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A worker at a power station in Kabul. Photo by Graham Crouch, World Bank

5 Principles on the Uses and Misuses of Debt Relief to Address the Coronavirus Pandemic

Debt relief for low-income countries is on the table of measures to consider for coronavirus response. The imperative right now is to get cash to LICs as quickly as possible. Suspending some debt service payments may be a good first step in freeing up some budget space for new spending. Beyond that, protracted debt-relief negotiations with multilateral and commercial creditors right now could be a distraction at best but could also actively undermine the ability of institutions like the World Bank to offer new financing for crisis response.

Another Debt Crisis for Poor Countries?

When the world’s finance ministers and central bank governors assemble in Washington later this month. they would do well to focus on another looming debt crisis that could hit some of the poorest countries in the world, many of whom are also struggling with problems of conflict and fragility and none of which has the institutional capacity to cope with a major debt crisis without lasting damage to their already-challenged development prospects.

Cash for Poor Countries, or Another Round of Subprime Lending?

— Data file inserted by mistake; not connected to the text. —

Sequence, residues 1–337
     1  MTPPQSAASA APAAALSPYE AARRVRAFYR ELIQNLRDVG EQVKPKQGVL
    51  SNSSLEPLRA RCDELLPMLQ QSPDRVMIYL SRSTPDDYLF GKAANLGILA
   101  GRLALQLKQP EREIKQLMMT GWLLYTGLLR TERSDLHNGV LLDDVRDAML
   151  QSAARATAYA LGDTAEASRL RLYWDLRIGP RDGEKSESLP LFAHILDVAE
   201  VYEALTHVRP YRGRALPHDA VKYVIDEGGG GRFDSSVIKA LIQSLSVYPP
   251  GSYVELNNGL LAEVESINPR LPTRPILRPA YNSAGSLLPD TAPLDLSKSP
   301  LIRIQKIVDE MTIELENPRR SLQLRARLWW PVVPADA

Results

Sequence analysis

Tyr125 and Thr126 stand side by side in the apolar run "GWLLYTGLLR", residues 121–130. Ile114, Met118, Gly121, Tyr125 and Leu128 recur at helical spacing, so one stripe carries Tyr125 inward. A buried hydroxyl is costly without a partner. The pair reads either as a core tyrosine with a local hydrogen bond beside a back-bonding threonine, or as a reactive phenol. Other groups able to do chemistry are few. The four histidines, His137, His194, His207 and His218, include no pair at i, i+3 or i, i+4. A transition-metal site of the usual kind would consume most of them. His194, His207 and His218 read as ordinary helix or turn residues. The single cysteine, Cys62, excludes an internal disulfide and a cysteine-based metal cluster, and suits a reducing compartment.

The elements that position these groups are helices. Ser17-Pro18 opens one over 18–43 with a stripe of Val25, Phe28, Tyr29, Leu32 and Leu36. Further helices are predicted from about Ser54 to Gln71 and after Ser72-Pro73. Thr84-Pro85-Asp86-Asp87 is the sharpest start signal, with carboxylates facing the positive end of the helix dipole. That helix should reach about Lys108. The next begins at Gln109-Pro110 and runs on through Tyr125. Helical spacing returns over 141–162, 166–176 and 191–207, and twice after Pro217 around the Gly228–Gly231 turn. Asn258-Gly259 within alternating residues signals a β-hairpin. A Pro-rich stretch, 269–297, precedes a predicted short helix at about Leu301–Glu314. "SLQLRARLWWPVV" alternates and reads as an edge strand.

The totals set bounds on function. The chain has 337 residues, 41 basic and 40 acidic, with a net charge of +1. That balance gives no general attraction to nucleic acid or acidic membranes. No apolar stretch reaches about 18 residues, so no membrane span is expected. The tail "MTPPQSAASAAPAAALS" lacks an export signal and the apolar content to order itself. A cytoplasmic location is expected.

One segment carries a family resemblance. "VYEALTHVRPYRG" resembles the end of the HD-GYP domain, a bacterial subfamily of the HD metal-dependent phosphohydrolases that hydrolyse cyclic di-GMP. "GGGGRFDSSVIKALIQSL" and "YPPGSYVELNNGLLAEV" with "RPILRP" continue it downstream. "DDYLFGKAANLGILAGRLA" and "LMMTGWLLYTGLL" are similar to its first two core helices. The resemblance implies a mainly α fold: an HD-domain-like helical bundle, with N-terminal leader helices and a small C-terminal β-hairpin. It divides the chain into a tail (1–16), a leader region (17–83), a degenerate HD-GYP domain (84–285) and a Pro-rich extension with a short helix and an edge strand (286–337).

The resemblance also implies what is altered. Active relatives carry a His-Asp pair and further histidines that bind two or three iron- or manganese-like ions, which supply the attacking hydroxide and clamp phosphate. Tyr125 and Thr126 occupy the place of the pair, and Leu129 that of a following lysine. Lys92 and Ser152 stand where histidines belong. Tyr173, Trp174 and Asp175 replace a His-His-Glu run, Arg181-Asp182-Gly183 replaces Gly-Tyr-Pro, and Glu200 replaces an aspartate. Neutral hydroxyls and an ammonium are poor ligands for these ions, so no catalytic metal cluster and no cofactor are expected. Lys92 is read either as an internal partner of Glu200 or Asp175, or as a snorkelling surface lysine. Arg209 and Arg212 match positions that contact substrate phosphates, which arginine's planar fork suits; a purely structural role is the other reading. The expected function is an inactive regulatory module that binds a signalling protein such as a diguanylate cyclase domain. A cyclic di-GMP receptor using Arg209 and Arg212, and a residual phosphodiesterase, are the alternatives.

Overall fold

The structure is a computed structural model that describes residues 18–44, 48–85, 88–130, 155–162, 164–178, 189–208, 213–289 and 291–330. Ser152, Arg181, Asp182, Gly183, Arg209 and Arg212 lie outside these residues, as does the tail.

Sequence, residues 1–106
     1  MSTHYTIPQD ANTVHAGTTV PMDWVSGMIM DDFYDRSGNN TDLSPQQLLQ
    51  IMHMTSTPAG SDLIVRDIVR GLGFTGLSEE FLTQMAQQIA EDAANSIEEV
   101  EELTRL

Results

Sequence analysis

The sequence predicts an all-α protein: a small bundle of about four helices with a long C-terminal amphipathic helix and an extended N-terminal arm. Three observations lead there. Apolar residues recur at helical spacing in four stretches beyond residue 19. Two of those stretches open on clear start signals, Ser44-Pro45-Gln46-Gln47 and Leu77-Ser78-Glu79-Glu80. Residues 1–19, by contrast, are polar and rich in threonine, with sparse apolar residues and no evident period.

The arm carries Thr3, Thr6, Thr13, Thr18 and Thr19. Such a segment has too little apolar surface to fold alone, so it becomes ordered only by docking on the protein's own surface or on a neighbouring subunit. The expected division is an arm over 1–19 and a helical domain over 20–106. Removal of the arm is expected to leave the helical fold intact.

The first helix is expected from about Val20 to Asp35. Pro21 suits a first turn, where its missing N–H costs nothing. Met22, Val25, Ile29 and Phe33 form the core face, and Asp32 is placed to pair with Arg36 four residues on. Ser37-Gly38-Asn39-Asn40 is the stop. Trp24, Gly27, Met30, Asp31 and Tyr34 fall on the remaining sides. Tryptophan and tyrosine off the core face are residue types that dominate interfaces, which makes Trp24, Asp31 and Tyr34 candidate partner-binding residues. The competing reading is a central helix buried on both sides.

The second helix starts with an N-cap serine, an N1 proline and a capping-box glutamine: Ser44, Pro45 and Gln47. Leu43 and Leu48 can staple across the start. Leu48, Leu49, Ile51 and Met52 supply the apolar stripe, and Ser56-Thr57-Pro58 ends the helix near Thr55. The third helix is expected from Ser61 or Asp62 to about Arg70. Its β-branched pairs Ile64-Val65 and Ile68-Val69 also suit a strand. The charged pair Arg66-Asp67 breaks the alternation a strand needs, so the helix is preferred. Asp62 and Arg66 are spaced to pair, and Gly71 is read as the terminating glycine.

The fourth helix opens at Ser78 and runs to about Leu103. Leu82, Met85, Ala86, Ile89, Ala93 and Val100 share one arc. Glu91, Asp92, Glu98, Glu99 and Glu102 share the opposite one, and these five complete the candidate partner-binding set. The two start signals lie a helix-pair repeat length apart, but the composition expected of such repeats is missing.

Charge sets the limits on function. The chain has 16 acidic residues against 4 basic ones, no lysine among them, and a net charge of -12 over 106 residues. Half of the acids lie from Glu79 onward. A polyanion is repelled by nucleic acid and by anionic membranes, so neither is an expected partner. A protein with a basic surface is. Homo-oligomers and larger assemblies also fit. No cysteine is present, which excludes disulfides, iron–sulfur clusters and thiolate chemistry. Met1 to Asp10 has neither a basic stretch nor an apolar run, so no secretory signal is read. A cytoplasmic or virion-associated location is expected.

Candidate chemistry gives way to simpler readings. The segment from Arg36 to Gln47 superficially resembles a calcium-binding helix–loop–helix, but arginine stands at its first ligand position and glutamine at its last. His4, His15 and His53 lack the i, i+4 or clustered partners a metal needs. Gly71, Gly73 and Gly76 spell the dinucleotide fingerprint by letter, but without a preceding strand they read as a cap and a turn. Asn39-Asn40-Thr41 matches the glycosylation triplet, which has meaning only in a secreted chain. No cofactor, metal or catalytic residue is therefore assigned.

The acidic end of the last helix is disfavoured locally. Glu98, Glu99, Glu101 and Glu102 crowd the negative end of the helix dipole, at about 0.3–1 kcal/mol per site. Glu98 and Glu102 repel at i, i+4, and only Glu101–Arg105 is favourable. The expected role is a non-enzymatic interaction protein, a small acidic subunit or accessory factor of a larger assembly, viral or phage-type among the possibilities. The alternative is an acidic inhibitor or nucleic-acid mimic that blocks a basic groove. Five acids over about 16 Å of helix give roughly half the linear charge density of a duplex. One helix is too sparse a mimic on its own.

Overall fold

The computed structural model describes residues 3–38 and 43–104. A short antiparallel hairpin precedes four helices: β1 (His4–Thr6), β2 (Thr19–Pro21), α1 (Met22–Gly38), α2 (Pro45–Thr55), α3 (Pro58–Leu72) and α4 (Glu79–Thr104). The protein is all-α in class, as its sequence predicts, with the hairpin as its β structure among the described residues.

This is a joint post with Benjamin Leo.

A special new lending facility was announced in July 2009 with the objective of providing up to $17 billion in new loans through 2014 and, to entice cash-strapped borrowers, the lender is waiving interest payments for the first two years. This may sound like dangerous new short-term teaser offers for sub-prime borrowers. But this isn’t coming from Countrywide Financial. It actually is a new IMF facility for low-income countries, including some of heavily indebted poor countries (HIPCs) who are just barely coming out of the last debt crisis.

The stated objectives of the new IMF facility are laudable: to offset the effects of the global economic crisis by boosting international reserves and supporting adjustment policies. And yes, the overall terms are more concessional than past IMF loans. Nonetheless, the net impact on national debt levels may be significant. And it was just four years ago that the IMF committed to cancel roughly $6 billion in bad loans to many of these very same countries.

French Candidate for IMF Head Would Reform Selection System: AFP

Agence France Presse reported last week that Dominique Strauss-Kahn, France's candidate to head the IMF, told Brazilian President Luiz Inacio Lula da Silva that he wants to reform the IMF--including how the head of the international lender of last resort is selected. Marco Aurelio Garcia, Lula's advisor for international policy, briefed reporters after the two men met. According to AFP:
He said the Socialist party leader and former French finance minister told Lula change was needed in the IMF in "three key areas," including how member states were represented, how its managing director is selected and its operating program....
Strauss-Kahn after his meeting with Lula told reporters, "If I am a candidate, it is because I want to change the IMF."

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